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  1.  (2451.1)
    According to the folks at I Power the major ISPs are joining forces to change the way we access the internet (i.e. make it more profitable for themselves) with a plan to all switch around 2012.

    Here's the video

    This is obviously in planning stage, but how likely do you think it will be allowed to happen? Sure they control our access to the wub, but can they control the content and value of it? I don't see this being allowed to happen , as long as people know about it.
  2.  (2451.2)
    I'm sharing this with everyone I can get to listen. They're totally right, if the ISPs try to go ahead with this we should take our internet and pay someone who cares what we want for our access.
    • CommentTimeJun 2nd 2008
    Um...isn't 2012 the year everything ends?
  3.  (2451.4)
    If what they're saying is really true (which I'm dubious about), surely what will happen is that the ISPs that use this model will find the vast majority of their customers pissing off and going with an ISP that still uses the old model? And then it would be a miracle if the customers that remained wouldn't quickly realise what a scam they're paying for. I can't see how it would be anything but a suicide move for any ISP.
    • CommentTimeJun 2nd 2008 edited
    Bloody hell! No way. I mean what about small businesses and so forth? They run tiny little individual sites listing their services and more importantly their CONTACT DETAILS, and you can sure as hell bet their sites wouldn't be included in anything less than the premium access packages... No way that could be allowed to go ahead. The Australian Government, for one, is always making noise about all the work it does to Protect Small Business.

    Another thing -- I don't see the Pornography industry going for this at all. And Porn makes the world go round, or at least the money it generates does. And the big money net-based companies make that money by having an entire galaxy of sites all funneling into the one bank account. Endless variety IS their product. Limiting the number of sites they can reasonably offer into a package deal just won't fly ith them.
  4.  (2451.6)
    They have "multiple sources" this will happen "probably in the next four years" that ISPs are involved in a pricing/product anti-trust violation.

    I have to agree with Paul, I am highly dubious of this report, its jousting phantoms just like the last few times similar claims were made. Without specific evidence I think it amounts to net clap-trap.
  5.  (2451.7)
    Truly shocking news, I'm glad it was delivered with so much cleavage.

    It helped to soften the blow a little.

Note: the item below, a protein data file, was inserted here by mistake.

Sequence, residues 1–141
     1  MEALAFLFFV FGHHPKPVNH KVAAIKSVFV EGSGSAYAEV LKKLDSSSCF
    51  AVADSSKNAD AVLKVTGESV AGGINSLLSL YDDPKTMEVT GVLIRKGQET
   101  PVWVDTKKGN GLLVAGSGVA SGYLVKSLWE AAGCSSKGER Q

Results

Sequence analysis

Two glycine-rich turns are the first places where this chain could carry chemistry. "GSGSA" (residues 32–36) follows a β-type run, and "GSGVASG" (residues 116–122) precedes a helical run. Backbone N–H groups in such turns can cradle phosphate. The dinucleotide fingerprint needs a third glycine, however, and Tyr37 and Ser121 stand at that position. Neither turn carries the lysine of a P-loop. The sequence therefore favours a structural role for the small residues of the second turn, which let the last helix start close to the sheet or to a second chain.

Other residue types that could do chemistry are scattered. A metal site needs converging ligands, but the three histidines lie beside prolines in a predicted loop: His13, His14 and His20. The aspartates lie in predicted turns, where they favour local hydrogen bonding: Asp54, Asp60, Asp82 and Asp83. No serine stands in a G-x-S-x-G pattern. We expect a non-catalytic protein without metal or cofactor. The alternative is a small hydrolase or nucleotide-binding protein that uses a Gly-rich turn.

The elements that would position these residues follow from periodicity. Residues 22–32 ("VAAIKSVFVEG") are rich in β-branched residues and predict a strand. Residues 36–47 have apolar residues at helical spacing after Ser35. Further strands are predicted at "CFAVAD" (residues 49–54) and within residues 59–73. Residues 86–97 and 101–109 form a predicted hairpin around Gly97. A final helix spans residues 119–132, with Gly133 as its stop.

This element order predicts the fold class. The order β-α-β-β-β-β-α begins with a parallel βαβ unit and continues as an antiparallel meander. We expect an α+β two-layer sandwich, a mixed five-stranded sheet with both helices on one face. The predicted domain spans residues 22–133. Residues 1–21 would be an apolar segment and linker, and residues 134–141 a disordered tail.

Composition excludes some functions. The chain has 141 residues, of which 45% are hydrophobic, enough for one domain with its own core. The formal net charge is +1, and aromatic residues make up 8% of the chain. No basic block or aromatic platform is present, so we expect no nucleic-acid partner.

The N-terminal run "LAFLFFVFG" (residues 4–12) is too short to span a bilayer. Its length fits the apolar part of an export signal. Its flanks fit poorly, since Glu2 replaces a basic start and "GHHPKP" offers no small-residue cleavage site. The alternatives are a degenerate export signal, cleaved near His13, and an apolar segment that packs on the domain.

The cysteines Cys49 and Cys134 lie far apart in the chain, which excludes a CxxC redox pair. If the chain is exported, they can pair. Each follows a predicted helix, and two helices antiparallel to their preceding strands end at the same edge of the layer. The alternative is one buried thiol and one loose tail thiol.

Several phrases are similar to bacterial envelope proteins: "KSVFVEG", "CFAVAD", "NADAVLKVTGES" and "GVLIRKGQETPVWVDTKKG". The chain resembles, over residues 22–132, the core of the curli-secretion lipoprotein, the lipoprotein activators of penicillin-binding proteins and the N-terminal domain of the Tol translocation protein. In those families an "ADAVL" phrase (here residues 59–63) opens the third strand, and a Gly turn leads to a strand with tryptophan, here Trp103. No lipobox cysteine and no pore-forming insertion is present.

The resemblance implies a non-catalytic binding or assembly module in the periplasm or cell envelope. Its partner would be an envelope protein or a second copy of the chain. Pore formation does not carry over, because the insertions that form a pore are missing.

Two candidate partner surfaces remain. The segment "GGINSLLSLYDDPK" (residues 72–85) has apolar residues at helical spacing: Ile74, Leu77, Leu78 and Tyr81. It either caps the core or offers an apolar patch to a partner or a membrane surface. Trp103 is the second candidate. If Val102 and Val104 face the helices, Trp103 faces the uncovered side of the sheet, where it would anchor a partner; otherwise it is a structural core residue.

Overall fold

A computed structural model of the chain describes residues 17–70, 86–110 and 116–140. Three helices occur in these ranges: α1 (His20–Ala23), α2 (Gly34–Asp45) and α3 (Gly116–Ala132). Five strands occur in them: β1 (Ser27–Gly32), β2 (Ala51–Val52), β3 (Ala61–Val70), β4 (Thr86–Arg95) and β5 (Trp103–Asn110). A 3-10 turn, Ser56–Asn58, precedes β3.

• CommentTimeJun 2nd 2008
    I'm currently on a computer without sound so all I could work out from the vid was:

    hippies and cleavage
  6.  (2451.9)
    I thought this was bullshit until I listened more closely to the ominous, background music loop. Now I'm unnerved.
    • CommentTimeJun 2nd 2008
    @moali: Close! It's actually about paranoid hippies and cleavage.
  7.  (2451.11)
    Not sure if their threat is really four years away, but net neutrality's a real fight. Without government support some of the stuff they're talking about here will happen, and it will blow for the little peoples of the online world. The major telecommunications companies are the gatekeepers, the line-layers, and the parties with enough money to afford a lobby. If they get to insure net neutrality gets no legislative backing, it's a scary thought.

    Which is why I always laughed at the Ron Paul acolytes parading across the Internets. That dude's strictly anti-net neutrality.
  8.  (2451.12)
    Net neutrality is much different from what they're talking about here... which is something I can't really see working, honestly. Even if there were collusion between EVERY broadband internet provider currently extant, the demand for a provider who ignores these price-point systems and gives unfiltered access to all content on the web would be so high that anyone with enough startup capital could create a new service provider and have an instant huge customer base. I would think that there'd be room for several people to do this, actually, were this whole doomsday scenario to come to pass. There's no way to prevent it, either.
  9.  (2451.13)
    The entire video's about net neutrality.
    • CommentAuthorbuzzorhowl
    • CommentTimeJun 2nd 2008 edited
    Well, I didn't watch the video (no sound on my work comp), but I'm commenting on the link from the video to a webpage, which goes to a webpage that supposedly outlines what's in the video. And what they were talking about there was a price-point system in which customers who paid different amounts of money per month would be given access to different websites. The way net neutrality works is that it causes all servers that are accessed to be loaded in the order they're requested (I think I'm describing that correctly, but I may be mangling the vocabulary in some way... I'm definitely a layman where this stuff is concerned). The revocation of net neutrality would allow websites to pay service providers to make their sites load first, and it would create a hierarchy such that a request for information from your friend's independent domain name wouldn't be acknowledged by your service provider until everything in the queue from say Google, Yahoo, etc. was already acknowledged. So you could get Google hits instantly, but it would take 5 minutes to post to this message board--and it would be because Google has a deal with your ISP.